The triplet regimen of nivolumab, ipilimumab, and panitumumab has shown antitumor activity among patients with previously treated metastatic colorectal cancer that is microsatellite stable and KRAS, NRAS, and BRAF wild-type, according to findings from a phase 2 LCCC1632 study.
The triplet regimen of nivolumab (Opvido), ipilimumab (Yervoy), and panitumumab (Vectibix) has shown antitumor activity among patients with previously treated metastatic colorectal cancer (mCRC) that is microsatellite stable (MSS) and KRAS, NRAS, and BRAF wild-type, according to findings from a phase 2 LCCC1632 study (NCT03442569).
“The combination of panitumumab, ipilimumab, and nivolumab met its primary end point with a 35% 12-week response rate and demonstrated promising activity in previously treated KRAS, NRAS, and BRAF wild-type, microsatellite stable, metastatic colorectal cancer,” Michael Sangmin Lee, MD, an assistant professor at The University of Texas MD Anderson Cancer Center, said during a presentation at the 2021 Gastrointestinal Cancers Symposium.
The multicenter Simon’s 2-stage phase 2 trial enrolled patients with unresectable and/or metastatic CRC who had KRAS, NRAS, and BRAF wild-type, MSS, or mismatch repair proficient (pMMR) disease and who had received 1 to 2 prior treatment regimens, not including an EGFR inhibitor or immune checkpoint inhibitor.
In the study, patients were administered 6 mg/kg of intravenous panitumumab every 2 weeks with 240 mg intravenous nivolumab every 2 weeks and 1 mg/kg intravenous ipilimumab every 6 weeks.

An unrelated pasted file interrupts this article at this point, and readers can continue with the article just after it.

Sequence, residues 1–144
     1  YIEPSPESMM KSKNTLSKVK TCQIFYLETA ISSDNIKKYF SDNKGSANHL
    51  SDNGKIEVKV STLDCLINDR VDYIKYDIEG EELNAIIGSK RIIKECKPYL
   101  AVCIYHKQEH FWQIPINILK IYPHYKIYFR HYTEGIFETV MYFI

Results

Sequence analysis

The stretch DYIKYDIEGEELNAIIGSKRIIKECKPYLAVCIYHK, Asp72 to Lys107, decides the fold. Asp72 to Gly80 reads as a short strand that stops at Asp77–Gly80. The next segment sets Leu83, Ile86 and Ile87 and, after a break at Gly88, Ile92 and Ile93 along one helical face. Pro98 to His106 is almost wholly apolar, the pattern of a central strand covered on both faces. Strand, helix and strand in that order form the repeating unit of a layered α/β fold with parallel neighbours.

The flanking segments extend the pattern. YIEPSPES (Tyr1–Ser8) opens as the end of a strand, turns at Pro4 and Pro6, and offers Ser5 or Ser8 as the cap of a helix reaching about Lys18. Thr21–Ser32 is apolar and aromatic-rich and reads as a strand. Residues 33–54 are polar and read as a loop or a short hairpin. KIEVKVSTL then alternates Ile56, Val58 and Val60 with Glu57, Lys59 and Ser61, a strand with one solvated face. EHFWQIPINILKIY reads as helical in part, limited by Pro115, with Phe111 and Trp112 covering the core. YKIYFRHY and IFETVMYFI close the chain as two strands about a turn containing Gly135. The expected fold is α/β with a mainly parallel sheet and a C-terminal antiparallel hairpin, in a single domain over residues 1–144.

The primary end point was the 12-week response rate and secondary end points included overall response rate (ORR), progression-free survival (PFS), overall survival (OS), and toxicity.
The trial included a safety run-in phase of 6 patients who were assessed for tolerability; no dose-limiting toxicities were observed in 12 weeks. Then 26 patients were included in stage I, in which 7 responses were required to justify continued enrollment; 9 responses were observed in this stage. Then in stage II, 24 more patients were enrolled, and 17 responses were required to justify further study of the treatment regimen.
With an α of 0.10, the study was statistically designed with 80% power to detect an improvement in response rate from a null hypothesis of 22% to an alternative hypothesis of 35%, Lee explained.
Of the total patient population across the stages of the study, the median age was 56 years (range, 36-74), 66% were male, 77% were White, 52% had an ECOG performance status of 1, and 50% had left-sided colon tumors.
Among 49 patients evaluable for response, the response rate at 12 weeks was 35%, consisting of all partial responses and meeting the primary end point of the trial. An additional 43% of patients achieved stable disease (SD) and 22% had progression.
The ORR was 20% with confirmed responses in 18% (95% CI, 10%-31%). SD was noted in 39% of patients and disease progression in 20%. Seven patients were still on treatment. A majority of patients did achieve a reduction in their tumor size from baseline.
The median PFS was 5.7 months (95% CI, 5.5-7.9) and the median OS was 27 months (95% CI, 14.5-not evaluable), although these OS data are not yet mature.
Common grade 3 to 5 treatment-related adverse events (TRAEs) included hypomagnesemia (11%), rash acneiform (11%), lipase increase (9%), amylase increase (7%), and alanine aminotransferase increase, aspartate aminotransferase increase, diarrhea, hypophosphatemia, and maculopapular rash (5% each). The 2 grade 5 events included myocarditis, which was possibly related to treatment, and colon perforation, which was not considered to be likely related to treatment.
“Though toxicities were of course observed, they were consistent overall with the expected adverse event profiles of anti-EGFR therapy and combination ipilimumab and nivolumab,” Lee commented.
He noted that correlative studies are ongoing using archival specimens and limited on-treatment biopsies.
Lee MS, Loehrer PJ Sr, Imanirad I, et al. Phase II study of ipilimumab, nivolumab, and panitumumab in patients with KRAS/NRAS/BRAF wild-type (WT) microsatellite stable (MSS) metastatic colorectal cancer (mCRC). J Clin Oncol. 2021;39(suppl 3):7. doi: 10.1200/JCO.2021.39.3_suppl.7